The word decent has a vast meaning. But to be really a decent gentleman, puts everything right in the spot. One decent gentleman is proper, correct, appropriate (especially for his woman), reasonable, fair and acceptable.

Featured photo credit: Distinguished Gentleman (2)/Michiel Souren via flickr.com

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Last Updated on August 6, 2020

6 Reasons Why You Should Think Before You Speak

6 Reasons Why You Should Think Before You Speak

We’ve all done it. That moment when a series of words slithers from your mouth and the instant regret manifests through blushing and profuse apologies. If you could just think before you speak! It doesn’t have to be like this, and with a bit of practice, it’s actually quite easy to prevent.

“Think twice before you speak, because your words and influence will plant the seed of either success or failure in the mind of another.” – Napolean Hill

Are we speaking the same language?

My mum recently left me a note thanking me for looking after her dog. She’d signed it with “LOL.” In my world, this means “laugh out loud,” and in her world it means “lots of love.” My kids tell me things are “sick” when they’re good, and ”manck” when they’re bad (when I say “bad,” I don’t mean good!). It’s amazing that we manage to communicate at all.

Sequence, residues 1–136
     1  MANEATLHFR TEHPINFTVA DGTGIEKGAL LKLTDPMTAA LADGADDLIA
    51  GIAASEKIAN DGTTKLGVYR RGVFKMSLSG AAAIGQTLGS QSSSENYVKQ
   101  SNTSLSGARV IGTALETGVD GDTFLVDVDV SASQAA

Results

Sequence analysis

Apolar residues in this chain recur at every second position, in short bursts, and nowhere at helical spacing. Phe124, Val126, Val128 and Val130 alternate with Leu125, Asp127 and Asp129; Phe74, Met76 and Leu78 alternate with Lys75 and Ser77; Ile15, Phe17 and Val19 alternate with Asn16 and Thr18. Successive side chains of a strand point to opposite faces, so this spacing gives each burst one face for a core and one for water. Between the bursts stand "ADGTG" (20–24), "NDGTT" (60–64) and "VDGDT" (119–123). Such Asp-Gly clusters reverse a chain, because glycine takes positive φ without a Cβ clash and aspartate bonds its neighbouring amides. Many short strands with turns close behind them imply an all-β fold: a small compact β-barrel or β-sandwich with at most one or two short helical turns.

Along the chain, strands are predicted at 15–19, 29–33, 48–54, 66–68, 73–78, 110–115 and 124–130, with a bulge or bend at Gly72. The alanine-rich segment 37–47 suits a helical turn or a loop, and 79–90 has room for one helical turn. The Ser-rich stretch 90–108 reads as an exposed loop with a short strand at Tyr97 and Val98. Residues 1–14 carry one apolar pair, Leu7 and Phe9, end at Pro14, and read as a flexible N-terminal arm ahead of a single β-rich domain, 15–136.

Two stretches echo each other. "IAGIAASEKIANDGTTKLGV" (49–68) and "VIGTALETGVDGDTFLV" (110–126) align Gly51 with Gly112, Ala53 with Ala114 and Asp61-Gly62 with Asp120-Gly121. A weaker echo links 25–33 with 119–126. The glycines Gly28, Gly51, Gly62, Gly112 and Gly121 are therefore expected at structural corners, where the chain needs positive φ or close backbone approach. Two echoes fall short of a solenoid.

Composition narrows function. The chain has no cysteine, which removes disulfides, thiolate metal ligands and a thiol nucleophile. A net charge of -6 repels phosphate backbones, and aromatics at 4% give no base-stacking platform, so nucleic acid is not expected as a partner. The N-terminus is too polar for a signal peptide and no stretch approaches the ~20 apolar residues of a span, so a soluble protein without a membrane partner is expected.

When speaking, we tend to color our language with words and phrases that have become personal to us, things we’ve picked up from our friends, families and even memes from the internet. These colloquialisms become normal, and we expect the listener (or reader) to understand “what we mean.” If you really want the listener to understand your meaning, try to use words and phrases that they might use.

Am I being lazy?

When you’ve been in a relationship for a while, a strange metamorphosis takes place. People tend to become lazier in the way that they communicate with each other, with less thought for the feelings of their partner. There’s no malice intended; we just reach a “comfort zone” and know that our partners “know what we mean.”